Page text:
The library houses the only Canadian copy of the first printing of the Shakespearean plays made in 1623. About 750 copies were printed in total with 232 remaining in the world.

The Thomas Fisher Rare Book Library is named after Thomas Fisher, a miller on the Humber River, the great-grandfather of Sidney Fisher - a banker who liked to collect Shakespeare. He gave his collection of the four folios of Shakespeare to the library. The First Folio is officially known as, Mr. William Shakespeares Comedies, Histories, & Tragedies: Published according to the True Originall Copies. 

"This is the volume that preserves 36 of the 37 Shakespearean plays in the Shakespearean canon...Half of them we would not know were it not for this book. There are no pre-existing publication of 18 of the plays."

The Shakespearean First Folio in Toronto is known as "Rosebud" because someone pressed a rose in the book and the oils left a perfect impression of the rosebud. (Thomas Fisher Rare Book Library)

"A number of the first folios have nicknames and our is called the Rosebud because, as you can see, there, someone pressed a rose between these two pages and the oils have left a perfect impression of the rosebud on this page of the play of Cymbeline."

Casket and Manuscript dedicated to Sir John Craig Eaton:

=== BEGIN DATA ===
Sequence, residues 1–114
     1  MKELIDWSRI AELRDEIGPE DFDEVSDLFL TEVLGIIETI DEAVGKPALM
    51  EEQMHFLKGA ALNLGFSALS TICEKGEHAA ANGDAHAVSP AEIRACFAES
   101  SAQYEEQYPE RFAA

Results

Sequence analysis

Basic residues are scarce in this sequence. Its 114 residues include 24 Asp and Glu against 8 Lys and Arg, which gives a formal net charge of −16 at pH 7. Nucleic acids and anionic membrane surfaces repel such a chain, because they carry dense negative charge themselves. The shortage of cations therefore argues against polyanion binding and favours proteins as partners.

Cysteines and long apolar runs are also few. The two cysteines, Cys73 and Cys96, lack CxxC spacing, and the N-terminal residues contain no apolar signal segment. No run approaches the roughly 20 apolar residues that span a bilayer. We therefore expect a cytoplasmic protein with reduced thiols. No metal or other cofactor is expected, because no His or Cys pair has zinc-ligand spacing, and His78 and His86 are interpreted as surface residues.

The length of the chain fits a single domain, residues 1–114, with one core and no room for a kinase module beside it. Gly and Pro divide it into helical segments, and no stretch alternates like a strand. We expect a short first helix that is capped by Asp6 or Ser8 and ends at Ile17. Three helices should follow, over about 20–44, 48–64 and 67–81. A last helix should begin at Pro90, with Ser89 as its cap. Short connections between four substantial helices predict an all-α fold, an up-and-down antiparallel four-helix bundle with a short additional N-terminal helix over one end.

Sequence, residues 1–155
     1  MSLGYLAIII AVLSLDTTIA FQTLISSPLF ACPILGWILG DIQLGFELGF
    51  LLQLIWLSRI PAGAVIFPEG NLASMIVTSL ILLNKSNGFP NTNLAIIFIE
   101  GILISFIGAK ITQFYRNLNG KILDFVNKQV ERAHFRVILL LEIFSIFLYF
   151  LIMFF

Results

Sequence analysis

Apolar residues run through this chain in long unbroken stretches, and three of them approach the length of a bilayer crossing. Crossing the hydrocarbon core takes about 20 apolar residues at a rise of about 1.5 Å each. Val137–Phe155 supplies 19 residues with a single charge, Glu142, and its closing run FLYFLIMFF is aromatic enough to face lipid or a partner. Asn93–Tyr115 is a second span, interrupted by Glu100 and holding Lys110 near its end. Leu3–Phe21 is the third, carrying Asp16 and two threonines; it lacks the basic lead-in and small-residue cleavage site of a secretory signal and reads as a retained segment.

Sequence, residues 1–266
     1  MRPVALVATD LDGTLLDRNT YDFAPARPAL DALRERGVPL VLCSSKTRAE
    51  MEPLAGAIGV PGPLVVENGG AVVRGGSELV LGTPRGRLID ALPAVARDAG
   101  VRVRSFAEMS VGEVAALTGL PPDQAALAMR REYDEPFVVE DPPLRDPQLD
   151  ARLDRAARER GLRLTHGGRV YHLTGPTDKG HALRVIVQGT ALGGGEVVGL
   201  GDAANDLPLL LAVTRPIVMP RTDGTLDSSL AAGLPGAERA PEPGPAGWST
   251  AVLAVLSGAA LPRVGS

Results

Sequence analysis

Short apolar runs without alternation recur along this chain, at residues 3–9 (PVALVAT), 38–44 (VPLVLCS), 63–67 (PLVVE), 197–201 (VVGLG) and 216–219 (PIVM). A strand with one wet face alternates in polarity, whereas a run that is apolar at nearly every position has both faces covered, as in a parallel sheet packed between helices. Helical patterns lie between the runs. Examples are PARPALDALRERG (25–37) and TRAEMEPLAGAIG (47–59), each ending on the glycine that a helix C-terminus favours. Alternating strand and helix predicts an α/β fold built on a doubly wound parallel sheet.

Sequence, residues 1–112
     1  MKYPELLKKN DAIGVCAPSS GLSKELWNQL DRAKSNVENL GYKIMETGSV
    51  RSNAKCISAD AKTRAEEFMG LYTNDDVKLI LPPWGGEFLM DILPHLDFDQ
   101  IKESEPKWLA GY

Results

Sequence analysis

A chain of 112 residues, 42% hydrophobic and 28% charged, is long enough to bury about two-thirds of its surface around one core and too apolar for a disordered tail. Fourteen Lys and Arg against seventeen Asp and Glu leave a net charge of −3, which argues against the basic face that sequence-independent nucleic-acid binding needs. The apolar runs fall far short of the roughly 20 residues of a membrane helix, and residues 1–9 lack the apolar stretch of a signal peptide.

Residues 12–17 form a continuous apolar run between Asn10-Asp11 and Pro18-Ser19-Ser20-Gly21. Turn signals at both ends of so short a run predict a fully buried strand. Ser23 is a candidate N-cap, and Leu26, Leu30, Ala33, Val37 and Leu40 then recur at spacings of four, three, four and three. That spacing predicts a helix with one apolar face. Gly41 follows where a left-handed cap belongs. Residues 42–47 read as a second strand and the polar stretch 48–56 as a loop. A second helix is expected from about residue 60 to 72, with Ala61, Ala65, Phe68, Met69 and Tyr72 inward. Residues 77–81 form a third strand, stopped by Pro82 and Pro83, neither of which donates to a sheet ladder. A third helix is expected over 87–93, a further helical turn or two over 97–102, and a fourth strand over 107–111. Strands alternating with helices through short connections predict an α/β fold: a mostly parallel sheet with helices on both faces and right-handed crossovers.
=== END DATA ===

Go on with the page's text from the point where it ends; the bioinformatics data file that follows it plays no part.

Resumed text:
A casket made to house a manuscript dedicated to the late Sir John Craig Eaton. (Thomas Fisher Rare Book Library)

When Sir John Craig Eaton (the son of Eaton's founder, Timothy Eaton) died at age 45 in 1922, a special casket and manuscript were commissioned. 

"They wanted to give testimonial to his widow, Lady Eaton. This is the beginning of the 20th Century when the Arts and Crafts movement  is really in full swing and so where they look is backwards to the middle ages. So this casket [is] what they think a medieval casket would look like. All of that to hold this. And it's only 8 pages saying how wonderful Sir John Craig Eaton was."

A specially made manuscript for Sir John Craig Eaton after his death in 1922. (Thomas Fisher Rare Book Library)

Click LISTEN above to hear Tapestry producer Graham MacDonald speak to Pearce Carefoote, the interim head of the Thomas Fisher Rare Book Library at the University of Toronto, and an Anglican priest at St. James Cathedral in Toronto, and St. George's on the Hill in Etobicoke,